At 54, Hoda Kotb Still Can’t Believe She Gets to Be a Parent
You might know Hoda Kotb best for drinking wine in the morning with Kathie Lee Gifford, but the evening is the Today show anchor’s favorite time of the day. That’s when she gets to spend the most quality time with her two-year-old daughter, Haley Joy.
“I work early mornings,” Kotb tells InStyle, “So I don’t get the breakfast and I don’t get the wakeup, but I get a beautiful moment nevertheless at night.”
And when Kotb and her daughter are together in the evenings, it’s all about creating an environment of calm. “There’s something about the lights being dim, the lullaby music that’s playing in the background, Haley on the changing table, and just that peaceful quiet moment, where in that moment of the day, everything is exactly as it should be,” she explains.
In fact, it’s Kotb’s evening routine with her daughter that inspired her second children’s book, You Are My Happy, which hit shelves March 5.
Kotb continues, “[Haley’]s belly is filled up with milk, her eyes are closing, I’m putting lotion on her, and putting her pajamas on. And as this is all happening it feels like the most beautiful part of the day. I think the book is kind of like the period on that. It’s just a nice way to close it.”
Kotb likes to think back on her day while she’s getting Haley ready for bed, and the book is all about just that: gratitude. It’s something she feels a lot of already, and for her, part of practicing gratitude is being present, whether that’s in the evenings with her daughter or when she’s away from her at work.
“The only thing that works for me — and I’m trying, I’m not succeeding all the way, but I’m trying this — is to really take the phrase ‘be here now’ and use it,” Kotb says. “When you’re home, be there. Don’t grab your phone and say, ‘Oh my gosh, I’ll be right with you.’ Just live in that ‘be there now’ moment. And when you’re at work, be at work. Don’t sweat the fact that you’re not at home in that moment.”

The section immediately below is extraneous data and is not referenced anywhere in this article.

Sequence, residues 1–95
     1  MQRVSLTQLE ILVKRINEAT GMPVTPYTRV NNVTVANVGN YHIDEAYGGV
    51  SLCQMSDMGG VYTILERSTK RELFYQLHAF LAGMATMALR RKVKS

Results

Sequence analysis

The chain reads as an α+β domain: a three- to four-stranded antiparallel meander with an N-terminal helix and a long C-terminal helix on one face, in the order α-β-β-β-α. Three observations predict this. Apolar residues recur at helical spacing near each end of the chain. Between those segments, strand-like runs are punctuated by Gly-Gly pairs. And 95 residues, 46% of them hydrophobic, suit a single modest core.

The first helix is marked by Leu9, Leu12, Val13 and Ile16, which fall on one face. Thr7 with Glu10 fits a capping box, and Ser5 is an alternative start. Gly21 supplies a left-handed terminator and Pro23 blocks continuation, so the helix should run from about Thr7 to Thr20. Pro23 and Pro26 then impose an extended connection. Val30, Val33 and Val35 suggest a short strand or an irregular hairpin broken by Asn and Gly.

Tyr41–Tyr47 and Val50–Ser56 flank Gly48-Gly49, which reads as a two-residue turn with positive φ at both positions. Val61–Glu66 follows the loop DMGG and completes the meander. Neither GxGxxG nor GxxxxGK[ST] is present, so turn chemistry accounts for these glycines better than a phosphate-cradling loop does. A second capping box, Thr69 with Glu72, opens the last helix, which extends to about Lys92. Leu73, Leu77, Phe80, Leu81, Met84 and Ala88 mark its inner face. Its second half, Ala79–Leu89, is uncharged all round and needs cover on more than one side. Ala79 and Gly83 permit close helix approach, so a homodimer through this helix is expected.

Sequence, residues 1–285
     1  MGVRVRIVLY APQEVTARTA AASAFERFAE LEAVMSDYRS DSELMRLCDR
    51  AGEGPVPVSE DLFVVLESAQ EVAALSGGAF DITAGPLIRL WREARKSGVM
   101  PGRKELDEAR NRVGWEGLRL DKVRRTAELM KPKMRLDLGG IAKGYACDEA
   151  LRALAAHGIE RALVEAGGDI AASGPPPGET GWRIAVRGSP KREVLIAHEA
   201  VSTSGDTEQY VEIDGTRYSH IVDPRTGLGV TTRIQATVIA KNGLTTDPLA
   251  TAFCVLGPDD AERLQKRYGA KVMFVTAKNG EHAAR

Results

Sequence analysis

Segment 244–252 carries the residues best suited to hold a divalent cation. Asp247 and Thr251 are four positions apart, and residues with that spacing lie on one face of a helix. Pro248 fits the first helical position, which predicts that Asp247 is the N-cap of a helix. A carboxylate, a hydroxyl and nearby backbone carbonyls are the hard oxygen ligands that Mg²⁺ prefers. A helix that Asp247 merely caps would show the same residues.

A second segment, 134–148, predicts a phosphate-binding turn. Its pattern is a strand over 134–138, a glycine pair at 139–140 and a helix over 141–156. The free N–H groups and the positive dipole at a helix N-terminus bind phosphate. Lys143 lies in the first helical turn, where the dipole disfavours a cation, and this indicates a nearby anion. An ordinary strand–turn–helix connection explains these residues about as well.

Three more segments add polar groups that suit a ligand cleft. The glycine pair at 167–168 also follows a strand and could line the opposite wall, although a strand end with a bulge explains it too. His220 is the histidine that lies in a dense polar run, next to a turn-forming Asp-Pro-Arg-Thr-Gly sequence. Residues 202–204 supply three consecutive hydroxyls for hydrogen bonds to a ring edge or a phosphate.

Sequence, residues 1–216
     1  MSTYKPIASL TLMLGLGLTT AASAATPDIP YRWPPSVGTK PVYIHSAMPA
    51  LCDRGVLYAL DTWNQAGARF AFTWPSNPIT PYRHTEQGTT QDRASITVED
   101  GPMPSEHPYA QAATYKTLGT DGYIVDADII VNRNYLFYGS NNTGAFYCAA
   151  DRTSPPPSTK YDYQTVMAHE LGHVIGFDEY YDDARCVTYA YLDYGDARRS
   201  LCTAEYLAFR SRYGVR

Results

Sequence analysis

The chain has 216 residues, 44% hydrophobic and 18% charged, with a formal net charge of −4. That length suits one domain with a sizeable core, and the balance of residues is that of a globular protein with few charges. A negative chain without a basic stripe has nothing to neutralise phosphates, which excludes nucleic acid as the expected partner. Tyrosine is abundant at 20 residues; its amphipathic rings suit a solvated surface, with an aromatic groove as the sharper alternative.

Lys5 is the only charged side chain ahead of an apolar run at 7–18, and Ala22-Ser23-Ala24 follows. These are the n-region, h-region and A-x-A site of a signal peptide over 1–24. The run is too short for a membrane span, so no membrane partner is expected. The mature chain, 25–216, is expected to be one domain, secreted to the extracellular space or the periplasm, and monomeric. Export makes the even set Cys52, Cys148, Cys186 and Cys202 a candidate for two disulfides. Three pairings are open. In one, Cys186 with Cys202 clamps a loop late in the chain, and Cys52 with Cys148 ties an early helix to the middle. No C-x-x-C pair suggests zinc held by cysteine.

And while the evening is important to Kotb, she admits that, for now, her schedule does match up pretty well with her daughter’s. It helps that she starts her mornings at 3 a.m., meaning she can be back home pretty early in the day.
“The mornings I am on the go,” Kotb says, “but who gets to come home some days around noon or 2? I mean, that’s like a gift. Sometimes [I get] lunch and afternoon, and dinner, and to put her down.” There’s another perk to her early-bird schedule, which Kotb shares with a laugh: “We both go to sleep at the same time … I put her down, and I go downstairs and eat with Joel [Schiffman, her boyfriend], and then it’s like, ‘good night, everybody,’ lights out by 8.”
Kotb adopted Haley two years ago now, at 52, years after breast cancer treatment left her unable to conceive on her own. To this day, she still can’t believe she gets to be a parent. “I feel like I still have a sense of disbelief that this is really me and you’re interviewing me about being a mom. If you’re in the middle of asking me something, I’m smiling because I’m thinking to myself, Oh my god. This is really happening. I’m really being interviewed about her and the fact that I get to be a mom.”
Part of the reason for that disbelief is that Kotb didn’t expect to experience the “brand new unheard of feelings” that come with loving a child at this point in her life. “Picture that you’re 54 years old and you’re doing something you’ve never done before,” she explains. “And for your whole life you’ve never done that thing or you’ve never had that feeling and then you have it. It’s so foreign. It’s almost like you’ve won the lottery and you don’t even want to admit it cause then it will go away. But it’s a thrill. It’s a real thrill.”